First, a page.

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Artificial Intelligence

The Optisort battery-sorting machine

While it’s definitely important to keep the heavy metals in discarded batteries out of the environment, the sorting of all of the different types of batteries that arrive at a recycling depot could no doubt get extremely tedious. It’s the type of job that often goes to a machine. Well, such a machine has been invented. Called the Optisort, it can recognize about 2,000 types of batteries, and is currently being used to sort one third of those recycled in the UK.  Read More

Researchers at the University of Waterloo have built what they claim is the most accurate ...

Researchers at the University of Waterloo have built what they claim is the most accurate simulation of a functioning brain to date. Despite a seemingly unimpressive count of only 2.5 million neurons, Spaun (Semantic Pointer Architecture Unified Network) is able to process visual inputs, compute answers and write them down using a robotic arm, performing feats of intelligence that up to this point had only been attributed to humans.  Read More

The Cambridge team will work to assess technology-borne risks to humanity (Image: Shutters...

A team of scientists, philosophers and engineers will form the new Centre for the Study of Existential Risk (CSER) at Cambridge University in the United Kingdom. The team will study key developments in technology, assessing “extinction-level” threats to humanity. Key among those threats is the possibility of the creation of an artificial general intelligence, an event that has the theoretical potential to leave humanity behind forever.  Read More

Honda's HEARBO can distinguish between four different types of sound simultaneously

A team led by Kazuhiro Nakadai at Honda Research Institute-Japan (HRI-JP) is improving how robots process and understand sound. The robot, aptly called HEARBO (HEARing roBOt), can parse four sounds (including voices) at once, and can tell where the sounds are coming from. The system, called HARK, could allow future robot servants to better understand verbal commands from several meters away.  Read More

CIROS intelligently slices a cucumber with a kitchen knife

Researchers from the Korean Institute of Science and Technology's (KIST) Center for Intelligent Robotics (CIR) demonstrated their household service robot, CIROS, at Robot World 2012. CIROS, the third version of the robot since development began in 2005, is intended to help out around the home by performing simple chores. You can watch it prepare a salad by slicing a cucumber and adding dressing in the video after the break.  Read More

IURO, the Interactive Urban Robot, will ask people for directions in an unfamiliar world (...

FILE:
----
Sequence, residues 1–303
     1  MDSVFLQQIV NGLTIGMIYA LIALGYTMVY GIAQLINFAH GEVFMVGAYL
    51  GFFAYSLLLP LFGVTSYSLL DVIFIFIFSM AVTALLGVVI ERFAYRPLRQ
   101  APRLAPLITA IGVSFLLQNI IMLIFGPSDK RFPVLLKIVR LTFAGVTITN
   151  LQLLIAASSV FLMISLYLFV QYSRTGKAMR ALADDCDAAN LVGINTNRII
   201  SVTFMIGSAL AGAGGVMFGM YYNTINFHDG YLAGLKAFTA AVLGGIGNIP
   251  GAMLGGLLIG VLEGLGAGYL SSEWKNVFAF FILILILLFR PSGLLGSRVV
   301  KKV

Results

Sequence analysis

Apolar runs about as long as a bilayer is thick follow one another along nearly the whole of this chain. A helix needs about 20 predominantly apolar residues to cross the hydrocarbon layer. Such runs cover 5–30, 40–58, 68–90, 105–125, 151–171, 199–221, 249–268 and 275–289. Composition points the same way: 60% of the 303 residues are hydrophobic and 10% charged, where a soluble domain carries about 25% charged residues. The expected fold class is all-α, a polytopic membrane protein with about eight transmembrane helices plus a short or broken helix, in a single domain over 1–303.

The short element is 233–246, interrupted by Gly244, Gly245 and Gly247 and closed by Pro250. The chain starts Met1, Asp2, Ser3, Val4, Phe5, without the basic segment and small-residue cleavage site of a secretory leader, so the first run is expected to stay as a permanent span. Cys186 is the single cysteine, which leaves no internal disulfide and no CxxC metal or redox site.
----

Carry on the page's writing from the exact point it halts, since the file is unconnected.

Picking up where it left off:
The IURO (short for Interactive Urban Robot) is a new humanoid service robot built by Accrea Engineering, a spin-off of the Technical University of Munich (TUM). Researchers at TUM as well as ETH Zurich and the University of Salzburg are collaborating on an EU-funded research project that seeks to teach robots directions—the human way.  Read More

Harvard researchers are developing a feedback controller that should allow the Robobee to ...

Harvard researchers are getting closer to their goal of developing a controllable micro air vehicle called the Robobee. The tiny robot was already capable of taking off under its own power, but until now it was completely out of control. By adding two control actuators beneath its wings, the robot can be programmed to pitch and roll.  Read More

Team NimbRo hopes that by providing an open-source hardware platform, more universities wi...

RoboCup soccer provides a fascinating window into the current state-of-the-art in robotics and artificial intelligence. However, building robots much taller than a garden gnome has proven a daunting requirement for university labs with limited budgets and experience. Just five teams qualified to compete in the mid-range TeenSize category this year, for robots three to four feet (95-120 cm) tall. A new open-source hardware platform from the University of Bonn's Team NimbRo fills the gap for newcomers and veterans alike.  Read More

The UT^2 bot faces off against an opponent in the BotPrize

For five years, the annual BotPrize competition has been using a variant of the Turing Test known as a "Computer game bot Turing Test" to challenge programmers, researchers and hobbyists to create a bot for Unreal Tournament 2004 (UT2004) that is indistinguishable from a human player. Fittingly, in the centenary year of Turing’s birth, not one but two teams have finally claimed the prize by achieving “humanness ratings” of over 50 percent. In comparison, human players received an average humanness rating of just over 40 percent.  Read More

Can the crowd trump artificial intelligence? (Photo: Shutterstock)

Computer scientists are looking to improve on the performance of artificially intelligent personal assistants by devising a way to use the power of a human crowd to chat you instead. The system, known as Chorus, was designed by researchers at the University of Rochester to allow a number of users to act as a single agent that converses with a single end user in real time.  Read More

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